But O-S’ slender, nervous equilibrium collapsed – she was committed into psychiatric care.
I was the stressor. When our relationship imploded, O-S was not happy, but her dutiful,
Catholic equanimity in this world’s vale of tears would recover. The ceiling of my mother’s
apartment at the high-rise was collapsing; her bathroom was so befouled – heavy drinkers
careless of toilet hygiene – it would take Erma and I hours to clean. My mother found a co-
op, at 21st & Walnut, and put herself on the waiting list. I stopped back at Irish Bar, once.

4.   West Philly, then Hunting Park

In West Philadelphia, we met in the early stages of a Prison Fellowship support group at
different locations, one small church or another, changing members. West Philly, one block
a well-tended neighborhood – urban planner’s green dream – one block over, science fiction
movie – warring neon-gangs laid waste to trash-devastated landscape, post-nuclear war.
Christians from Romania, once Communist-imprisoned, said that incarceration wasn’t bad –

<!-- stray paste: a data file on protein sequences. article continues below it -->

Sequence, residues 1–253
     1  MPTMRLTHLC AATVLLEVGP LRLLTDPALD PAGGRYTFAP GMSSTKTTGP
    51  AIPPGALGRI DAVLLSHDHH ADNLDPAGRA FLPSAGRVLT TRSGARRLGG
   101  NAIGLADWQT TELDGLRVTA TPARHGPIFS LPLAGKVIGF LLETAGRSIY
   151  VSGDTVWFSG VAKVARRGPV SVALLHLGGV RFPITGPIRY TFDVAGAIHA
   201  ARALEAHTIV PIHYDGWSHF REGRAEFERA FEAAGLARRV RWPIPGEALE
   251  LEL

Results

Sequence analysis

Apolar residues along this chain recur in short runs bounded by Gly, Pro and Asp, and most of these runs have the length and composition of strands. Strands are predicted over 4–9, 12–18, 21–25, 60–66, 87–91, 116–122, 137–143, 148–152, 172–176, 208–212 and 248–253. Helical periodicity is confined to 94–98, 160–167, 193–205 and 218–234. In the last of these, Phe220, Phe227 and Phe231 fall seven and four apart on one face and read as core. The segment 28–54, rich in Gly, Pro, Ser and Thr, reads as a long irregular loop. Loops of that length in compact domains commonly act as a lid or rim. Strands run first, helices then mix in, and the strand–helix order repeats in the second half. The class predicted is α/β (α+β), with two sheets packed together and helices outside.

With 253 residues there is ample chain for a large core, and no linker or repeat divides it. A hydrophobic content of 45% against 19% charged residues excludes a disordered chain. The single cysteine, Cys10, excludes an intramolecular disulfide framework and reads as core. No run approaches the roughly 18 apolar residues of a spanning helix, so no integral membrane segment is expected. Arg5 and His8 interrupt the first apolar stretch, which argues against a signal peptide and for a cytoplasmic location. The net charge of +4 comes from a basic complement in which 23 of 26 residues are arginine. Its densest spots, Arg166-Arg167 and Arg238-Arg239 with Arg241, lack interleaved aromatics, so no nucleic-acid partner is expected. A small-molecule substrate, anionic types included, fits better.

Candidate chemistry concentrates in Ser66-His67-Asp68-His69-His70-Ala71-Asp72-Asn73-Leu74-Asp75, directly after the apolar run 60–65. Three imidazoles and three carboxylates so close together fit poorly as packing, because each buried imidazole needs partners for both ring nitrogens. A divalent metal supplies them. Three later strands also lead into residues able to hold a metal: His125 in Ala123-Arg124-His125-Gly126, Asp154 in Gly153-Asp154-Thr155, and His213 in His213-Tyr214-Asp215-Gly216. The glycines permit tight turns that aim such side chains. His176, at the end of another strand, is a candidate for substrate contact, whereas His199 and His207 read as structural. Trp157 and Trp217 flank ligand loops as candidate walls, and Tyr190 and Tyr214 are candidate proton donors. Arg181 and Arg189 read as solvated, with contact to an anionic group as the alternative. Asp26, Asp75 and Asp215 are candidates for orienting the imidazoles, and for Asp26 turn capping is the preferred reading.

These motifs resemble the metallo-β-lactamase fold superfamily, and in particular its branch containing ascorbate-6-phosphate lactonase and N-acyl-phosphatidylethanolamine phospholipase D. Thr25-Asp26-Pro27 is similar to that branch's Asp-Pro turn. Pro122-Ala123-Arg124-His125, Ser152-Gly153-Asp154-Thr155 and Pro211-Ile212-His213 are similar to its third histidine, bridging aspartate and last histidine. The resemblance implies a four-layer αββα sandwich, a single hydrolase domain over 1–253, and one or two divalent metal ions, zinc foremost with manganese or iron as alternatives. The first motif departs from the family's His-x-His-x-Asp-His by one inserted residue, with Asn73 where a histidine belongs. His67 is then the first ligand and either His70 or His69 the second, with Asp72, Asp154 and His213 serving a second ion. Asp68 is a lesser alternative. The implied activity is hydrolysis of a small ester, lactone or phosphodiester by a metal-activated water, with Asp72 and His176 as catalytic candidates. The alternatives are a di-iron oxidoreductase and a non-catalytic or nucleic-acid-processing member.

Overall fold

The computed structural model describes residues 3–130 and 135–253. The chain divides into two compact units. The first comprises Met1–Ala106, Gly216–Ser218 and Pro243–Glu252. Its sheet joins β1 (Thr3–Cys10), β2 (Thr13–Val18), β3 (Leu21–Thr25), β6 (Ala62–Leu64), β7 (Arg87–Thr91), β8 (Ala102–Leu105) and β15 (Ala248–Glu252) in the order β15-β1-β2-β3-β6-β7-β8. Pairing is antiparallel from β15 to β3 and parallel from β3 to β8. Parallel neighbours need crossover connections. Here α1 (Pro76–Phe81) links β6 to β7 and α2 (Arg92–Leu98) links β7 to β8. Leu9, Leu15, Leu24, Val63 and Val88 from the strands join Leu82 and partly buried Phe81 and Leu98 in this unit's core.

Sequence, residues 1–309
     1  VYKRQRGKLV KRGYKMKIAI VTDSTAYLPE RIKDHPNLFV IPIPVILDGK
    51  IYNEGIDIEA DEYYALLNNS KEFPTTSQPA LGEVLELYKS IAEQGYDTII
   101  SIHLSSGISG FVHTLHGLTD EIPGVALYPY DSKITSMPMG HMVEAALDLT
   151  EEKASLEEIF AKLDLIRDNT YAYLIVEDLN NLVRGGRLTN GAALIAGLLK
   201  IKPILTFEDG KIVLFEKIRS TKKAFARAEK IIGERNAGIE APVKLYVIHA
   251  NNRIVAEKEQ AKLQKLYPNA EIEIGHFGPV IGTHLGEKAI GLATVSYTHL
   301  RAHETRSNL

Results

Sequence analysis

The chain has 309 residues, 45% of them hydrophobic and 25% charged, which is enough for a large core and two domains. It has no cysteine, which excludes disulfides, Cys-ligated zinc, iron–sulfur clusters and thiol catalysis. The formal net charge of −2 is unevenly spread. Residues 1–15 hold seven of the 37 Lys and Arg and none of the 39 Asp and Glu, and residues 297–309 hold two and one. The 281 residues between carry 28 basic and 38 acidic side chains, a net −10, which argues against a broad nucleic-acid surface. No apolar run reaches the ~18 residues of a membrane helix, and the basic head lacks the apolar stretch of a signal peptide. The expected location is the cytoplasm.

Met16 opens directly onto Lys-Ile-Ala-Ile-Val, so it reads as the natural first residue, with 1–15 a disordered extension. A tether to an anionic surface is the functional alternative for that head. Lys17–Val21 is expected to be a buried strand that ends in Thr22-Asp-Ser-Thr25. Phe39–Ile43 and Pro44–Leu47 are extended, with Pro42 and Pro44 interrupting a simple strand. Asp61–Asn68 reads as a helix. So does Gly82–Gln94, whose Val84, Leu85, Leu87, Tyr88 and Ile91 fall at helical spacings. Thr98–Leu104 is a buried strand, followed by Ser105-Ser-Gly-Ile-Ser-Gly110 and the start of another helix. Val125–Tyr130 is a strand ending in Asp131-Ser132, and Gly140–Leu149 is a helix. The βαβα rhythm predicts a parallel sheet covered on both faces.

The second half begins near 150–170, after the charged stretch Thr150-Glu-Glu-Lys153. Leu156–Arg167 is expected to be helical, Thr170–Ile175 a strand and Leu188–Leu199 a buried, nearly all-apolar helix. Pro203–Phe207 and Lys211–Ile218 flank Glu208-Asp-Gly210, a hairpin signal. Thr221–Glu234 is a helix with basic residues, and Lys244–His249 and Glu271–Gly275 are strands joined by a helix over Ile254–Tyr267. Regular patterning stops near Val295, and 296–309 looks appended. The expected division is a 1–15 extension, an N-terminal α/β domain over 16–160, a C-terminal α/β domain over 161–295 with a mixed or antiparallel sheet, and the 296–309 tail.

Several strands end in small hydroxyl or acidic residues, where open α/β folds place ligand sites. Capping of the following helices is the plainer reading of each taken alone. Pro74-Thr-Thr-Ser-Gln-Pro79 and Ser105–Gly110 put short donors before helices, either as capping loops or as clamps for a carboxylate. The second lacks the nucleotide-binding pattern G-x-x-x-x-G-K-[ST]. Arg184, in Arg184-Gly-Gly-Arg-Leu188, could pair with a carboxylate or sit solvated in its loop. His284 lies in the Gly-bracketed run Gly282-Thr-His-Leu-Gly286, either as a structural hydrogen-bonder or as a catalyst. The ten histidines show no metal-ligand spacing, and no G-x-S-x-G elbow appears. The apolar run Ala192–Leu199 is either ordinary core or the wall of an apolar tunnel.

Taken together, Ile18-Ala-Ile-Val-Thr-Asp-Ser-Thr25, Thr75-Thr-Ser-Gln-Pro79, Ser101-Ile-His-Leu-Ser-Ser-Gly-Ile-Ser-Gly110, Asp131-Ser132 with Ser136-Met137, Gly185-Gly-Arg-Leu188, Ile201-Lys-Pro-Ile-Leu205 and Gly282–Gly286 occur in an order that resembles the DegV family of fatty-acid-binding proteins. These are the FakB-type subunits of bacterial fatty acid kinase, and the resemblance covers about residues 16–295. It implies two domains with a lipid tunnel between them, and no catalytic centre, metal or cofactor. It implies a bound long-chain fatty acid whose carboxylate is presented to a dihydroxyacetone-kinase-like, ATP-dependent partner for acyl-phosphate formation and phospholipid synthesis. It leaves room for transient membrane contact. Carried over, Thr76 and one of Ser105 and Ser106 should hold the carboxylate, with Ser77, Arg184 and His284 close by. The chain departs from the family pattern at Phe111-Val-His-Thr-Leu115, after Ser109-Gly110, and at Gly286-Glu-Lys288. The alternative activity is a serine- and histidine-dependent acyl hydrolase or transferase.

all the best people were in jail. A woman told me of her angelic rescue from street violence.

Watched cop enter a home on a domestic – his expression, blended: officer’s calm-routine
business, and eternity-watchful in perhaps last mortal seconds before an exploding-ambush.
West Philly, safe as a baby; around a corner, a crack house. When the group dwindled & I
arrived first at whichever church, left open the doors. Passing boy and father – boy asked
what is he doing? His father answered – the man is praying. Our name, Philemon Group –
Prison Fellowship found us a home-base meeting church at 9th & Lycoming, Hunting Park.

Hunting Park housed a fearful drug market – same rules – stay on a block you know, corner